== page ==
“I guess it comes down to a simple choice really. Get busy living or get busy dying.”
Placing my Higher Power first and applying the twelve steps has allowed me to start living even with the baggage of the past because for now there is only now. It’s important for me going forward that I work with fellow alcoholics and especially those new to sobriety. These words are my first attempt at doing so and I am now going to explore more opportunities. I always wanted to write a book and envisioned it being a kind of ode to one of my favorite sports team, the Red Sox or the Saints. But if penning my struggles and short recovery finds its way into the hands of one person who needs help, it trumps any tale of triumph in sporting endeavor.
Connecting with others remains a gift I’m truly grateful for. On my way home, I stopped by the gas station to buy gummy bears because CVS didn’t have my favorite brand, Haribo. Jose was working behind the counter. I needed milk, too, and headed over to the refrigerators. Off to the refrigerator for the one-point-five liter of wine and a little something else, Jose was thinking. This was the opportunity I wished for during my drinking days – to walk up to Jose having purchased regular grocery items and nothing else.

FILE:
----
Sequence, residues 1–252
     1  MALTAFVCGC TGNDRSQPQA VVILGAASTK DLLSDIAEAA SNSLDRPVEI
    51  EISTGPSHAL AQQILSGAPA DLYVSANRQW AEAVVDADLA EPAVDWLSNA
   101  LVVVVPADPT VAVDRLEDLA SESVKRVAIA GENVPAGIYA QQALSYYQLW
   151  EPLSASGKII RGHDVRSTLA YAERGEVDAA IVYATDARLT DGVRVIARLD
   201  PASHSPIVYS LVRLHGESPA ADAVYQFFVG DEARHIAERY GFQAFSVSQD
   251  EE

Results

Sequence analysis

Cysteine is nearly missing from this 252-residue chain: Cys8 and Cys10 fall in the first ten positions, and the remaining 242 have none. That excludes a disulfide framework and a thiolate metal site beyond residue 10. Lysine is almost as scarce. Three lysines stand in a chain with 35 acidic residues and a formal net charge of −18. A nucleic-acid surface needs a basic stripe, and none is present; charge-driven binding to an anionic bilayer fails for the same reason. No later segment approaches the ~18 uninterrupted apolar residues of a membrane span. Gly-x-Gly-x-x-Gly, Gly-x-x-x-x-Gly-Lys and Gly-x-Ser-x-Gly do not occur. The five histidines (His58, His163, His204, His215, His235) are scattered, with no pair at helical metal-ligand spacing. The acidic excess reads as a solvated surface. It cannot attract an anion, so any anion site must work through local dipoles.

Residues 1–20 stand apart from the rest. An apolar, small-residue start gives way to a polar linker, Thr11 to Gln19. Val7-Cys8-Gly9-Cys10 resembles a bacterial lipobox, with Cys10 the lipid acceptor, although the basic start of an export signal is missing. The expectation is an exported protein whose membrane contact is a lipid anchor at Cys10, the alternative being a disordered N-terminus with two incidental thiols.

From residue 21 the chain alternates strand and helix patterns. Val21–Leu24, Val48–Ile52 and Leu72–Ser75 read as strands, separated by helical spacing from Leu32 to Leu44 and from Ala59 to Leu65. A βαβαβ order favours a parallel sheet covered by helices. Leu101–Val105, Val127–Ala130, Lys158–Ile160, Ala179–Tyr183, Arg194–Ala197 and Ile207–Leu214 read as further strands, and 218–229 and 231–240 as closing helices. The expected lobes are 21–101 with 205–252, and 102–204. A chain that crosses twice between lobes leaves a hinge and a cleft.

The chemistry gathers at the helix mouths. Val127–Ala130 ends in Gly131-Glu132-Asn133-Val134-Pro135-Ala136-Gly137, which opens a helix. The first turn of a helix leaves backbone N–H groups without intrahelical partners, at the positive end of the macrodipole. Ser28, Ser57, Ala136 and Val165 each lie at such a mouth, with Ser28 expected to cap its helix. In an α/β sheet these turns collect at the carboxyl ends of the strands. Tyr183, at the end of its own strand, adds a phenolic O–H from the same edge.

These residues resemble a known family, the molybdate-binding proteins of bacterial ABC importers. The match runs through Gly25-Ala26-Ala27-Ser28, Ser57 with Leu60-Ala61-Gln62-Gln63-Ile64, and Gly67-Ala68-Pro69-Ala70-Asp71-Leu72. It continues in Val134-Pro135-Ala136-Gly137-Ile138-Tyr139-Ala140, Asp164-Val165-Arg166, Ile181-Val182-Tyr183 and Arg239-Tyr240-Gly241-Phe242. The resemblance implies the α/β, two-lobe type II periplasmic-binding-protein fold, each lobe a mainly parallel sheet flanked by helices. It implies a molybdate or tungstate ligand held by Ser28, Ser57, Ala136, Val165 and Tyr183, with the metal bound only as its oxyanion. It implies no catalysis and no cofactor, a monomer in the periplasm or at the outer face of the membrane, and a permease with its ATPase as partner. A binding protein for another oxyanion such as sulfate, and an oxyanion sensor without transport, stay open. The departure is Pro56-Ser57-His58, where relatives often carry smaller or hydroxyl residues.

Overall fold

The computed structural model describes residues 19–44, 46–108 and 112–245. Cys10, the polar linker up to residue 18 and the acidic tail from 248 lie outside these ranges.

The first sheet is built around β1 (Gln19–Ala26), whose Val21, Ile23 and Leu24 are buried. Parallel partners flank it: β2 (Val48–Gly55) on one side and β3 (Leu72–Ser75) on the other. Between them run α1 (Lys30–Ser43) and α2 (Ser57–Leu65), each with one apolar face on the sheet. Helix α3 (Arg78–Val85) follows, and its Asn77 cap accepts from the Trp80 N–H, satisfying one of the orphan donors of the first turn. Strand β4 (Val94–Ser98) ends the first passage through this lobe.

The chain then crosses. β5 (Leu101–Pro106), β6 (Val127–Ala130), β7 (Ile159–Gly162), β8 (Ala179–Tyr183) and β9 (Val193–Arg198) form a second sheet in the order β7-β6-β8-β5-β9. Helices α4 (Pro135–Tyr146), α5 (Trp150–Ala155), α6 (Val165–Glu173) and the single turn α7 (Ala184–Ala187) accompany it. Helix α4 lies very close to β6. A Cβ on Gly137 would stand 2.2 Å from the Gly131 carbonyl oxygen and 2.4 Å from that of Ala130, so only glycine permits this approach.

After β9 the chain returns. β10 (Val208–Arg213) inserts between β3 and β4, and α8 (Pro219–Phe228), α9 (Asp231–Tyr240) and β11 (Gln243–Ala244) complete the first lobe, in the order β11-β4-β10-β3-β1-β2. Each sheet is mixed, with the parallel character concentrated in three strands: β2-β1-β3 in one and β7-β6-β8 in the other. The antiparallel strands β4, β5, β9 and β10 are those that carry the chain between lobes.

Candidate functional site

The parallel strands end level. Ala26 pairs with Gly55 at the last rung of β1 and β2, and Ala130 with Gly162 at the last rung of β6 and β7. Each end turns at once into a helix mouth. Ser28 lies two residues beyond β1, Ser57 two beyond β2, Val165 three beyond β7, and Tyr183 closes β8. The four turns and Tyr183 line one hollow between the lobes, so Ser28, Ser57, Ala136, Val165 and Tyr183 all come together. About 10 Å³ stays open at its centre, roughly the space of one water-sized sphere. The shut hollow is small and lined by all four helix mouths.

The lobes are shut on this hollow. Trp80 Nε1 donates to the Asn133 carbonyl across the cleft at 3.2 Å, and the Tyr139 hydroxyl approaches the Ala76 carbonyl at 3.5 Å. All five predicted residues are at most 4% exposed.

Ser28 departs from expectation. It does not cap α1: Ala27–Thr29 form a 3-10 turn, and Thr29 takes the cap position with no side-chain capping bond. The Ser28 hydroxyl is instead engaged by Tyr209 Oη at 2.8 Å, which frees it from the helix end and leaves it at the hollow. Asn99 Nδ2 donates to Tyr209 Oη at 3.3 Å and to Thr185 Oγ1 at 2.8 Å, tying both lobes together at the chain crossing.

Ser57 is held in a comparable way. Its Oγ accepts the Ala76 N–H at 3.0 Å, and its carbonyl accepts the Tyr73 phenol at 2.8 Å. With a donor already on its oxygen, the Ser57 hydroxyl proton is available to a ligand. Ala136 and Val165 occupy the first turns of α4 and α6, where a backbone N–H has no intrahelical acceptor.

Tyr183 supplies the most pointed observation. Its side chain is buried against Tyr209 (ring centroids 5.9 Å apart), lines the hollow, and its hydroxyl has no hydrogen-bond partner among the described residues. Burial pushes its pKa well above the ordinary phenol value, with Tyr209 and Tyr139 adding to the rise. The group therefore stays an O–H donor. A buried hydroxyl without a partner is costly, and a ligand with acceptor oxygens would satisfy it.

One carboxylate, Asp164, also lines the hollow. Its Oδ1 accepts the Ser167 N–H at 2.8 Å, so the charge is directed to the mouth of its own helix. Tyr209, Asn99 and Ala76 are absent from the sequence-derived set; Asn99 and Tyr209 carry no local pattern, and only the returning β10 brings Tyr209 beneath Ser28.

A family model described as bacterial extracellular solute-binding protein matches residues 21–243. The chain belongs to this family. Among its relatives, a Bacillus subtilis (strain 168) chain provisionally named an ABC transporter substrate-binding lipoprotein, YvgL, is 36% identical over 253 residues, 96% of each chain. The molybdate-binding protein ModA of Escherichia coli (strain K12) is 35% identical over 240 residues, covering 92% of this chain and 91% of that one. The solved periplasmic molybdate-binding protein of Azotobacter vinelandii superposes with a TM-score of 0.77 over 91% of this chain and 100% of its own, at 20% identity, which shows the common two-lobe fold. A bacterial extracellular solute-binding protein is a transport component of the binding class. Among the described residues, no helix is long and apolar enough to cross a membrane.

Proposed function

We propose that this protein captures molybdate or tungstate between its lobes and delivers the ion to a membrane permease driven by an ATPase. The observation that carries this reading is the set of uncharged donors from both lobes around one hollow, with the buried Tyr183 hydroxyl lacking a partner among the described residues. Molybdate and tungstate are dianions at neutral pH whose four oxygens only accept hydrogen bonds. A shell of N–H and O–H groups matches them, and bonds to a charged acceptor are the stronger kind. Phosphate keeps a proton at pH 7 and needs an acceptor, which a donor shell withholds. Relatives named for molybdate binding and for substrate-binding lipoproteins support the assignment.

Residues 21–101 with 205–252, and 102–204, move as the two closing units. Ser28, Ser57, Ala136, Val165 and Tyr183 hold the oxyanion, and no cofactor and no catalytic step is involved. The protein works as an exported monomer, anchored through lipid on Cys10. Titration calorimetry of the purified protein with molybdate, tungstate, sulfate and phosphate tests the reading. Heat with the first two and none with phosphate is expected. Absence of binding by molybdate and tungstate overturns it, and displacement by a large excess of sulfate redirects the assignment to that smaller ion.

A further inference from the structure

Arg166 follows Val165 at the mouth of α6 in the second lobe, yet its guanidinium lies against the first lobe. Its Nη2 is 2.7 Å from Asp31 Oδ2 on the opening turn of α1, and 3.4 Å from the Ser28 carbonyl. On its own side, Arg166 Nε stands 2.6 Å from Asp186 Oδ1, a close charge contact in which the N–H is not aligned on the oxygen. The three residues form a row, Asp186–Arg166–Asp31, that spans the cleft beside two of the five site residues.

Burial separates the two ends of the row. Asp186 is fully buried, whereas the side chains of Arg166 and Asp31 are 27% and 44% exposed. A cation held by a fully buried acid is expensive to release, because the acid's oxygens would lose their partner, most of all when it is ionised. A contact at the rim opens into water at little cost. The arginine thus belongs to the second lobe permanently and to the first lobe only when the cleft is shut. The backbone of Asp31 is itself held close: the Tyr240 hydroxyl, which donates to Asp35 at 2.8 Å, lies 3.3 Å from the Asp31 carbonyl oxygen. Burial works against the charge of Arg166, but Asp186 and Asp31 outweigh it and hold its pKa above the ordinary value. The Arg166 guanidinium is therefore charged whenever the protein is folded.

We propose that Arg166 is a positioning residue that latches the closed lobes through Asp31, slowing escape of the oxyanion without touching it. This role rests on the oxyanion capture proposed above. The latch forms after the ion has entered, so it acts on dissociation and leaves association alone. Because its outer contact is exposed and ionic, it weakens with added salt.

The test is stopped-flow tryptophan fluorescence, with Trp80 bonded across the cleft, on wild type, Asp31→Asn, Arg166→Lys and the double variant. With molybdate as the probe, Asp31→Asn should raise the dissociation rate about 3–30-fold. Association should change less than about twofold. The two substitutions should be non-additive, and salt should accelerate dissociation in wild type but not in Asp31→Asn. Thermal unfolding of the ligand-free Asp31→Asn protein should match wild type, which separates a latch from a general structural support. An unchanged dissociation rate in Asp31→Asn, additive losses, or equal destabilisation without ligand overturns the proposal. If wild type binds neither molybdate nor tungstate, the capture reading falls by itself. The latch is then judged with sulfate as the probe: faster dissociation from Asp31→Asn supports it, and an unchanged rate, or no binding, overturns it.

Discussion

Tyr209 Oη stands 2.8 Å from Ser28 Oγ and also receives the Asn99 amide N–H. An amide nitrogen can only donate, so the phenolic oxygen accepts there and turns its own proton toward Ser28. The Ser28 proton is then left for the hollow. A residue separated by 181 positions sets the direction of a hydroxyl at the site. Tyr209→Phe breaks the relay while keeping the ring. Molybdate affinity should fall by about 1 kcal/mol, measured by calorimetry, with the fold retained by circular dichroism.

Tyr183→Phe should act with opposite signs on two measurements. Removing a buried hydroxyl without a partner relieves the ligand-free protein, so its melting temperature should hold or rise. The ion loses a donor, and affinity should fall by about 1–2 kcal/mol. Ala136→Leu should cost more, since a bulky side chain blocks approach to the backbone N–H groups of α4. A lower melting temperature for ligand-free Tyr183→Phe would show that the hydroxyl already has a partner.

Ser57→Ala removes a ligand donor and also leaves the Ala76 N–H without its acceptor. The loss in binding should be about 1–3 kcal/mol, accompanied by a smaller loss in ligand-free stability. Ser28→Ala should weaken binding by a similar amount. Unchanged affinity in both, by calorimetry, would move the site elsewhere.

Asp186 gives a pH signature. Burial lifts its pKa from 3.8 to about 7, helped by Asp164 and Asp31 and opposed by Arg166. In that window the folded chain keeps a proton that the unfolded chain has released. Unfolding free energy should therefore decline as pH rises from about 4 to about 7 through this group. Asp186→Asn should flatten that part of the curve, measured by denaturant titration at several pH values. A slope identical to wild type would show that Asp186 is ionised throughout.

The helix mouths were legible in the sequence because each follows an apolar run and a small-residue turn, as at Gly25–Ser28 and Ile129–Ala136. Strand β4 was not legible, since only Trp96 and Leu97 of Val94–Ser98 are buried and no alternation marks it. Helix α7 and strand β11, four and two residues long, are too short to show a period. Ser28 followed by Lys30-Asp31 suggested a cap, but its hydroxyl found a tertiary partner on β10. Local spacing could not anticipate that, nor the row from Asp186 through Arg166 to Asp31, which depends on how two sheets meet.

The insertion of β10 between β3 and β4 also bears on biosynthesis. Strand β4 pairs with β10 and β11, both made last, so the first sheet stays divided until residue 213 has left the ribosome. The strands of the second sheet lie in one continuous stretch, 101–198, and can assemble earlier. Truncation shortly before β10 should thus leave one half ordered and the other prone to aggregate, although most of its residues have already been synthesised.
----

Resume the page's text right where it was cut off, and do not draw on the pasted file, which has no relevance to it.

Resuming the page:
I went to pay.
“No wine or beer?” he asked, in complete shock.
“No, my friend. I stopped drinking.”
“This is great,” he exclaimed with a smile, as I slid my dollars under the glass screen. “Not great for our profits, but great for you.”
I’m grateful to be living. Thanks for letting me share.
About the author Simon Tait
A communications professional with over 15 years of experience in public relations and freelance journalism, Simon graduated with a bachelor’s degree in publishing from Robert Gordon University in Aberdeen, Scotland. For the last ten years, he has worked in the energy industry within the public affairs and communications sphere in the United Kingdom, U.S. and Asia. In his spare time, he contributes to sports and men’s lifestyle publications and has written accounts on recovery for the National Council for Alcoholism and Drug Dependence.